The next big contracting scandal
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In the past few years, the government contracting industry has weathered its share of scandals.
From accusations of questionable behavior by contractors in Iraq and Afghanistan to front-page exposés of cozy relationships between contractors and customers, the industry’s reputation has suffered.
Most recently, the industry has drawn fire over allegations that at least one large business was using small businesses as fronts to funnel money to itself. (See our recent coverage of GTSI Corp.’s suspension and reinstatement by the Small Business Administration.)
Another scandal is brewing because of the proliferation of small companies owned by service-disabled veterans and procurements geared specifically for these businesses.
The potential controversy will be driven by unintended consequences of a well-intentioned law. The scandal will be born not of lawbreaking but of bending the spirit of the law.
The problems flow from two factors at the heart of how the program operates. First is the question of how you determine who is a disabled veteran. And the second is the self-certification process SBA uses.
It is on those two points that I think the system is woefully inadequate and sets itself up for embarrassment and ridicule.
If I’m reading the laws governing the program correctly, you pretty much only need to have served in a war zone to qualify. Here is question and answer No. 4 from SBA’s frequently asked questions document:
Q: “Is there a minimum disability rating to participate in the SDVOSB program?"
A: "No, there is no minimum disability rating. A veteran with a 0 to 100 percent disability rating is eligible to self-represent as a Service-Disabled Veteran for Federal contracting purposes.”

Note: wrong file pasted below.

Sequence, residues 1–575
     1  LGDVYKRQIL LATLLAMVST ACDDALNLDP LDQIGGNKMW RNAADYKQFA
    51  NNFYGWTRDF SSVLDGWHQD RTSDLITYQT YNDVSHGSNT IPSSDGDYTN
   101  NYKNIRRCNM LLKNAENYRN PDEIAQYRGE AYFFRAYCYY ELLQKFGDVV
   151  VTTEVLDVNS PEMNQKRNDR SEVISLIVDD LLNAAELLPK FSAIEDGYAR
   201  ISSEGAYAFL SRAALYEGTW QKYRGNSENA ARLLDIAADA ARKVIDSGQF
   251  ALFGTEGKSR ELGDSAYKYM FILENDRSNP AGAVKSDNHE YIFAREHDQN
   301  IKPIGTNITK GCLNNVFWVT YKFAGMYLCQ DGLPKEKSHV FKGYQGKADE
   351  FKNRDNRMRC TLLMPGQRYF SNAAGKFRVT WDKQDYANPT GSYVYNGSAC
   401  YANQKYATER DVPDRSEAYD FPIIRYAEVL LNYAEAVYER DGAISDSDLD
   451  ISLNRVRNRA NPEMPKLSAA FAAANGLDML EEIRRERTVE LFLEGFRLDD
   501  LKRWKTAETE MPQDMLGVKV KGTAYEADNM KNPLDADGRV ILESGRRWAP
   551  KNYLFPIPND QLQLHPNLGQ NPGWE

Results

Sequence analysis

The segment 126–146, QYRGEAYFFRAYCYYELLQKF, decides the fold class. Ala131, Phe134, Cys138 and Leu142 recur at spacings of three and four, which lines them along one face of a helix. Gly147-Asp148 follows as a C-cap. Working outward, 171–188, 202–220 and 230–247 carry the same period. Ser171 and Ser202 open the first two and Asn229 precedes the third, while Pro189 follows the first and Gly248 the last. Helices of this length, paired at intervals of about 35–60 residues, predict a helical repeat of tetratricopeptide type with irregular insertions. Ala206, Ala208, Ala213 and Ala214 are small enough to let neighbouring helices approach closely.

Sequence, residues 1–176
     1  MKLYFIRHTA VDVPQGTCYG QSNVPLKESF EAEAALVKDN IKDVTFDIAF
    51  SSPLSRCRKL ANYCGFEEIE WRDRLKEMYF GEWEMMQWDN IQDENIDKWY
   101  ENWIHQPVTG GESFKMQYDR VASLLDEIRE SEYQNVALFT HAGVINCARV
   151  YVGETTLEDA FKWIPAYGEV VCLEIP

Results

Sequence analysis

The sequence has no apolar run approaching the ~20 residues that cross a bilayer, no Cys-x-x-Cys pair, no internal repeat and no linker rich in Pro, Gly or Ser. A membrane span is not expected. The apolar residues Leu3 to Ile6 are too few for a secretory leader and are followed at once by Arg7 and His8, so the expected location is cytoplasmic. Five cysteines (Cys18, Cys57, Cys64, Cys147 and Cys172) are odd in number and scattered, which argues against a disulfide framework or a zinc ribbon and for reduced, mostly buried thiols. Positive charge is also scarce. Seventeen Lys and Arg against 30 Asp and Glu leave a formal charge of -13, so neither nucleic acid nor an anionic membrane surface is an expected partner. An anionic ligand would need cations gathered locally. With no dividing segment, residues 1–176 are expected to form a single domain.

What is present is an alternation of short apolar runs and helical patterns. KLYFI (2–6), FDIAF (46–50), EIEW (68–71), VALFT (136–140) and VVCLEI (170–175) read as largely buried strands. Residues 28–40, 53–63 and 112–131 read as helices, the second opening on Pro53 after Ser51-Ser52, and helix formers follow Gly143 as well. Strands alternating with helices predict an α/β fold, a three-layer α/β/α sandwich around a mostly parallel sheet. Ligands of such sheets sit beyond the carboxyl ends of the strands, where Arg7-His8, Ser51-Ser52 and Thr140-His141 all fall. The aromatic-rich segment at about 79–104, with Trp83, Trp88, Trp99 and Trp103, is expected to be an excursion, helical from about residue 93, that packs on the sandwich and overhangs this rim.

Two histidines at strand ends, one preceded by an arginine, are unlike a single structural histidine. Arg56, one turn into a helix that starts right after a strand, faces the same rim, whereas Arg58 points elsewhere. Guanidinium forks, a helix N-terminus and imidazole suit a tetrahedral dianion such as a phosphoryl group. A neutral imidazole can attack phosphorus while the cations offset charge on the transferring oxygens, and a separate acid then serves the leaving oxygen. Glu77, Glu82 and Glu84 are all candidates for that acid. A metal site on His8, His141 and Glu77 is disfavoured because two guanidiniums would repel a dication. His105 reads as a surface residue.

Zero, huh? That’s not much of a disability. (Read a clarification on this comment.)
The “self-represent” portion is also problematic. The program works on the honor system, and although the majority will operate honorably, there is a lot of room for abuse. The Government Accountability Office has hit on this point in a couple reports as well.
In SBA’s defense, officials do explain how a business owner can verify that he or she is disabled. But the requirement is only to have this documentation on hand in case an agency asks for verification.
The law creating this category of small business was passed in 1999, but it wasn’t until 2003 that a set-aside program was designed to direct business to those companies. Since then, there has been an explosion of companies with the “service-disabled veteran-owned” label as existing companies added the designation and new companies launched to take advantage of the new program.
Large procurements with price tags in the billions have been launched, such as the General Services Administration’s VETS contract.
When the dollars signs get big, the pressure increases to push the envelope, especially in this highly competitive government market.
I'm all for helping veterans, but when I look at this, I see conditions ripe for abuse, both intentional and inadvertent. It’s just a matter of time before the next scandal hits.
Posted by Nick Wakeman on Oct 22, 2010 at 9:43 AM